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A Comparison of Respondent-Driven and Venue-Based Sampling of Female Sex Workers in Liuzhou, China


Weir, Sharon S.; Merli, M. Giovanna; Li, Jing; Gandhi, Anisha D.; Neely, William W.; Edwards, Jessie K.; Suchindran, Chirayath M.; Henderson, Gail E.; & Chen, Xiang-Sheng (2012). A Comparison of Respondent-Driven and Venue-Based Sampling of Female Sex Workers in Liuzhou, China. Sexually Transmitted Infections, 88(Suppl. 2), i95-101. PMCID: PMC3512399


Objectives: To compare two methods for sampling female sex workers (FSWs) for bio-behavioural surveillance. We compared the populations of sex workers recruited by the venue-based Priorities for Local AIDS Control Efforts (PLACE) method and a concurrently implemented network-based sampling method, respondent-driven sampling (RDS), in Liuzhou, China.
Methods: For the PLACE protocol, all female workers at a stratified random sample of venues identified as places where people meet new sexual partners were interviewed and tested for syphilis. Female workers who reported sex work in the past 4 weeks were categorised as FSWs. RDS used peer recruitment and chain referral to obtain a sample of FSWs. Data were collected between October 2009 and January 2010. We compared the socio-demographic characteristics and the percentage with a positive syphilis test of FSWs recruited by PLACE and RDS.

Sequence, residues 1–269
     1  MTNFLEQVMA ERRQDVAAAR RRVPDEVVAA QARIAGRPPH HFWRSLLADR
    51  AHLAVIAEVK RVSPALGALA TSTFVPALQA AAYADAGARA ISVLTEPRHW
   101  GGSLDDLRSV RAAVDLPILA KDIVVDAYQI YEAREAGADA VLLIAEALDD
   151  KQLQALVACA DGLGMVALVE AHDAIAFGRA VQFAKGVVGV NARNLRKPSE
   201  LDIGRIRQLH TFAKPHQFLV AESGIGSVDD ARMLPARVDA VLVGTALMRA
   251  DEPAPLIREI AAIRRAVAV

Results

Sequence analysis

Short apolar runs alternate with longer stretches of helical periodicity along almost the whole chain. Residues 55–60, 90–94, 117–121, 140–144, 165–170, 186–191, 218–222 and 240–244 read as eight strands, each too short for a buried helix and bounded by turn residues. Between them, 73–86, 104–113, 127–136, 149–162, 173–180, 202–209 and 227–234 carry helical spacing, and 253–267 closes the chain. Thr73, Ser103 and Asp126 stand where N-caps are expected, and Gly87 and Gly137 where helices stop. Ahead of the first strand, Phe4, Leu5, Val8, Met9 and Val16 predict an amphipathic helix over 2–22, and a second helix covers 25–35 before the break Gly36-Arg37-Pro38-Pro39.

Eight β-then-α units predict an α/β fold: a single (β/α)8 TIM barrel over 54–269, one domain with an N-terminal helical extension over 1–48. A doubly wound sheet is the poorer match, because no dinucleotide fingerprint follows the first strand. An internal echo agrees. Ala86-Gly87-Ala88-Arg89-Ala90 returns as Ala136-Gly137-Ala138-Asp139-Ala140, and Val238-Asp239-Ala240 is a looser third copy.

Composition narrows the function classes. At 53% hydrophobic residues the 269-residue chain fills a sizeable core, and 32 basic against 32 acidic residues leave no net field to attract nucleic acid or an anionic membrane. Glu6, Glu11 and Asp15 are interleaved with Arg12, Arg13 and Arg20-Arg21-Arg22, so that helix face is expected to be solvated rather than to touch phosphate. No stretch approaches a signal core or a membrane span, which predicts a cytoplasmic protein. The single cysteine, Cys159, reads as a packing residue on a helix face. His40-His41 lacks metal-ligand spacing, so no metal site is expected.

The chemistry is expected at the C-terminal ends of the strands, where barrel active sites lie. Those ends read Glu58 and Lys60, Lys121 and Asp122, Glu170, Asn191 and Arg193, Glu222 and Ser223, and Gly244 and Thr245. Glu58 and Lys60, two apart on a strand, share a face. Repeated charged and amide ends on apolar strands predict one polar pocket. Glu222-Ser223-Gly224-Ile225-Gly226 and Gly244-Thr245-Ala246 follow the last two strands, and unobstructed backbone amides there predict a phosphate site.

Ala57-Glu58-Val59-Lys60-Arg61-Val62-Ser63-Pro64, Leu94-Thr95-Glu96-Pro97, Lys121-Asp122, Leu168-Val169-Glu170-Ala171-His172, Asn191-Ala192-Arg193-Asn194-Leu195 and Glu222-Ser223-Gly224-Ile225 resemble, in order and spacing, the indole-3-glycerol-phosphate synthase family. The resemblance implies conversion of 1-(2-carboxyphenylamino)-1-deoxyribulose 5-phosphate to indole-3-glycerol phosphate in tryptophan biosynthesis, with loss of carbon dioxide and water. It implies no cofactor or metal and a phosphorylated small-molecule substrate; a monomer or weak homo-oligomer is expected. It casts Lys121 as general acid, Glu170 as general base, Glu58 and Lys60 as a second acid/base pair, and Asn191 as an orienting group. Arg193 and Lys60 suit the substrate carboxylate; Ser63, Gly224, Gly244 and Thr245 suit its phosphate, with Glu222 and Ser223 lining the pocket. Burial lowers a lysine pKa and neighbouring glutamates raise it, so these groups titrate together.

Results: The prevalence of a positive syphilis test was 24% among FSWs recruited by PLACE and 8.5% among those recruited by RDS and tested (prevalence ratio 3.3; 95% CI 1.5 to 7.2). Socio-demographic characteristics (age, residence and monthly income) also varied by sampling method. PLACE recruited fewer FSWs than RDS (161 vs 583), was more labour-intensive and had difficulty gaining access to some venues. RDS was more likely to recruit from areas near the RDS office and from large low prevalence entertainment venues.
Conclusions: Surveillance protocols using different sampling methods can obtain different estimates of prevalence and population characteristics. Venue-based and network-based methods each have strengths and limitations reflecting differences in design and assumptions. We recommend that more research be conducted on measuring bias in bio-behavioural surveillance.


Reference Type

Journal Article

Year Published


Journal Title

Sexually Transmitted Infections


Weir, Sharon S.
Merli, M. Giovanna
Li, Jing
Gandhi, Anisha D.
Neely, William W.
Edwards, Jessie K.
Suchindran, Chirayath M.
Henderson, Gail E.
Chen, Xiang-Sheng